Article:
Film-going audiences love a good story about a person whose life has gone askew, who has taken a beating, and who begins the painful yet cathartic process of clawing one's way back to the top. The tried-and-true trope has appeared in wildly diverse cinematic incarnations over years. There are obligatory sports stories (Rocky, The Natural), but this standard plot is also clearly imbued in Capra's It's a Wonderful Life and the bum-beats-bond trader comedy Trading Places. Enter Jake Gyllenhaal's latest, Demolition.
Like Life's George Bailey, Davis Mitchell (Gyllenhaal) has had his challenges. He's been up and down so many times it's hard to keep track of where he's been and where he's going. Demolition begins with Davis and his wife Julia (Heather Lind) in the middle of a heated conversation as they drive down the avenue. What can we tell? They're an attractive pair, she's fiery, and they've got a plush luxury ride. And then just like that, boom, out of nowhere another car rips through the passenger side and she's gone.
In the fractured aftermath we learn that Davis came from the wrong side of the tracks, but married well in Julia; her father (a somber Chris Cooper) runs a successful investment firm and gives his son-in-law a nepotistic roost that he helms well. For all the money and success however, Davis is unanchored, unhappy, and numb. Inside he's quickly reaching the boiling point. Clearly, he's a man in need of a therapist.
But then three things happen. First, Davis refuses to sign the legal documents necessary to start a scholarship in his wife's name. Then, he goes on a letter-writing crusade against a vending machine company because the $1.25 he inserted into the machine for a bag of M&Ms didn't return the promised treats. And finally one day, he takes some time off and joins a demolition crew — in fact, he pays them to let him join.
Clearly, what we're supposed to believe is that Davis is working out his issues through the toil of manual labor and, as a result, begins to realize that his lush life and marriage to Julia was a sham. This triggers a series of angry affronts to his father-in-law, who Davis seems to blame for the tortured malaise he's mired in. The anger at times is so sharp and mean-spirited, Davis comes dangerously close to losing our sympathies. Cooper's father-in-law may be a stiff cup of joe, but one-percenter or not, these are grieving parents who deserve, in the very least, a modicum of compassion.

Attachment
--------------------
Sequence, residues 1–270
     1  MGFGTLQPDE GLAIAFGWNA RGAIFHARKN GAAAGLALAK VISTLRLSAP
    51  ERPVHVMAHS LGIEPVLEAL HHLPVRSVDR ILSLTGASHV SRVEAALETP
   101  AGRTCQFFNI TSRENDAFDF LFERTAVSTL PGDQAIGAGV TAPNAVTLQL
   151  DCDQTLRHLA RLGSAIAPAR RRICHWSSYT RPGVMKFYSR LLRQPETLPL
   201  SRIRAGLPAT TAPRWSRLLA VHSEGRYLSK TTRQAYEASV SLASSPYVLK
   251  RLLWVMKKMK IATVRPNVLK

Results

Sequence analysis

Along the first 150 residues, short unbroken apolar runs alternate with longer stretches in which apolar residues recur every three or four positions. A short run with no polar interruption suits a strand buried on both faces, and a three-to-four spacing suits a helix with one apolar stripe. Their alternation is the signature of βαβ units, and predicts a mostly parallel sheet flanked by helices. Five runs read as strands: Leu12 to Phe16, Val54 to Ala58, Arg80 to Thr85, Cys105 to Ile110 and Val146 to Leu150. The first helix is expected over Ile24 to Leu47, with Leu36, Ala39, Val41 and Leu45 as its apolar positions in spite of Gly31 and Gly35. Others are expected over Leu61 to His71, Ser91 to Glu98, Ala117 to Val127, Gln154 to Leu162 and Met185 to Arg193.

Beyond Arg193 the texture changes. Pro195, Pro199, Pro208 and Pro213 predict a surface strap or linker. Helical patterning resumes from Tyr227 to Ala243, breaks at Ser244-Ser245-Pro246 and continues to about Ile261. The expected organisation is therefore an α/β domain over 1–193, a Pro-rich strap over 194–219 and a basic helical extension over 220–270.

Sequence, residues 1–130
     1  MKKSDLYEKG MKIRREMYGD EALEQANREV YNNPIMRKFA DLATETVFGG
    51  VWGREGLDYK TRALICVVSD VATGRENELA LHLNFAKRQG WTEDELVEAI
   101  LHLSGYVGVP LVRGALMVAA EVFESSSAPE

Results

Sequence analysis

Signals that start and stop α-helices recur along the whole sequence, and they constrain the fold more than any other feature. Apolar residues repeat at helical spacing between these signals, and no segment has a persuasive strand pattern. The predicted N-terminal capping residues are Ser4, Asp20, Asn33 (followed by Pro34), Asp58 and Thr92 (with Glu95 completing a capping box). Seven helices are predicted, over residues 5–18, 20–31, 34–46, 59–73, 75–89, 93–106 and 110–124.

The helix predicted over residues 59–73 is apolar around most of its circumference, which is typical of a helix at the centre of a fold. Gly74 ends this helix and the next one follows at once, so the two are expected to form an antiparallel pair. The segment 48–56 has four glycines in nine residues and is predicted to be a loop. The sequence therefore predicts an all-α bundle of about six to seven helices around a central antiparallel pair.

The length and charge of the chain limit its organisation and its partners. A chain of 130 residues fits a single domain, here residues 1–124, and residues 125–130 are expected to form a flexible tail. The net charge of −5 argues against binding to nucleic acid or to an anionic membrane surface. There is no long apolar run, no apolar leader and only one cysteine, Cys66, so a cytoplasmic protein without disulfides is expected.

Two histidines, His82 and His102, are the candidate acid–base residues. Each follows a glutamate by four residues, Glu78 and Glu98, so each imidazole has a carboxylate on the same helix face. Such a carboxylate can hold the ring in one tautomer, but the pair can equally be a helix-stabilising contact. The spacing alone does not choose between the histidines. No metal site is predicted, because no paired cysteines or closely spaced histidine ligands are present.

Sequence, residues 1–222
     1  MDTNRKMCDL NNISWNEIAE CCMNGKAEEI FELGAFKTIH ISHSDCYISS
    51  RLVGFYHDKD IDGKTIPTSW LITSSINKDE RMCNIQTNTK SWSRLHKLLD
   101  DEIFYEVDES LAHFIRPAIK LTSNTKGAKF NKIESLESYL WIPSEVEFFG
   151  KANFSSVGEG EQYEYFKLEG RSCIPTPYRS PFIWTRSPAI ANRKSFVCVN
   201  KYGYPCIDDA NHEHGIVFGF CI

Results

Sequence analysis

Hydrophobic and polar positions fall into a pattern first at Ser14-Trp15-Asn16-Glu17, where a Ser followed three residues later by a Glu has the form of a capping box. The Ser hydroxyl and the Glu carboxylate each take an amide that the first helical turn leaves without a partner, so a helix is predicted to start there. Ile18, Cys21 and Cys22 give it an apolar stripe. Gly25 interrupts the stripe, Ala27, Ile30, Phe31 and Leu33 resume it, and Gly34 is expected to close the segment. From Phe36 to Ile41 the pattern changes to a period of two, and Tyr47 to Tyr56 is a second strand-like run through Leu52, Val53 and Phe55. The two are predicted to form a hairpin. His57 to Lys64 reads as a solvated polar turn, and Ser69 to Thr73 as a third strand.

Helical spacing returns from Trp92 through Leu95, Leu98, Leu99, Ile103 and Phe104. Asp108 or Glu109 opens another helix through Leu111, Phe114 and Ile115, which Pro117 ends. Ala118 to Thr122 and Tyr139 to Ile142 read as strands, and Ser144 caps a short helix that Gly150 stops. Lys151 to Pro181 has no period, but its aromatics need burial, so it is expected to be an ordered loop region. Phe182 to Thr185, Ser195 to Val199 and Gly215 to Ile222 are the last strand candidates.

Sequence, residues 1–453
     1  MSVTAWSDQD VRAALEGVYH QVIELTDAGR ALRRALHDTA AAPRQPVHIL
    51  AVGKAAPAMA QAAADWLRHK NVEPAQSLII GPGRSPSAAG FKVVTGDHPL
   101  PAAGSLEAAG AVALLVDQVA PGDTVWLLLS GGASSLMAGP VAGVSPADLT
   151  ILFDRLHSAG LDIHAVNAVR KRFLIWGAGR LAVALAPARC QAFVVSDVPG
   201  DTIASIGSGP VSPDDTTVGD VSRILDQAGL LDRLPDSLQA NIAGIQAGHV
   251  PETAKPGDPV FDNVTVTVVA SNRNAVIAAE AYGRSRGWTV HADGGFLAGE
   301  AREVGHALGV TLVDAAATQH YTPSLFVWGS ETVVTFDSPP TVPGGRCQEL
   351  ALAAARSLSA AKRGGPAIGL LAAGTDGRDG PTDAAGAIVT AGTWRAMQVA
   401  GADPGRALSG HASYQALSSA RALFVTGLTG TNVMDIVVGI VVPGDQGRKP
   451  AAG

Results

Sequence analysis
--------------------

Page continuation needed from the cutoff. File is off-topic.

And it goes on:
Meanwhile, the confessional letters to the vending machine company spark mutual intrigue between Davis and the woman who reads them, Karen (Naomi Watts). She calls him one night at two in the morning, but remains aloof to his pleas to meet for coffee. They eventually meet, but things are a bit complicated — she's involved with the owner of the vending company and has a child. It's also here that Demolition, directed by Jean-Marc Vallée (Dallas Buyers Club and Wild) and written by Bryan Sipe, begins to take some chances, and not all of them are good.
Watt's Karen, fades from the fore nearly as soon as her faces graces the screen, and it's her barely teenage son Chris (Judah Lewis), serving a school suspension and struggling with his sexuality, who gets the intimate moments with Davis. Their activities involve sledge hammers and a bulldozer which they use to take out their frustrations on unsuspecting furniture and facades — and for good measure, they horse around some with firearms. Davis and Chris tear it all down, but there's no epiphany or new foundation to be found amongst the rubble.
The film gets a big boost from Gyllenhaal who, given Vallée's ability to garner best acting nods upon his stars (Matthew McConaughey and Reese Witherspoon), likely jumped at the project. He's right up there with McConaughey, Tom Hardy, and Michael Fassbender, as one of the more interesting and edgy male leads in film today. His last outing Southpaw, where he also lost a wife and took it on the chin, failed to leverage the quirk and cadence Gyllenhaal so effectively demonstrated in his prior effort, Nightcrawler, but in that film, Gyllenhaal was playing a sociopath. In Demolition he's playing someone arguably more rooted and nuanced. The actor and the film hit brash cords as Davis bashes things in and ducks and groves his way through crowded streets teeming with suit-wearing zombies.
The underlying trappings of Demolition, if in less capable hands, may have come out as boilerplate drivel, a Nicholas Sparks's adaptation replete with a happy ending tacked on, but Vallée, ever a plumber of the human condition, digs in and veers to the left every time a cliche appears on the horizon. It's an energetic movie, full of emotional titillation, with an apathetic ending that deviates from this most time-honored of tropes.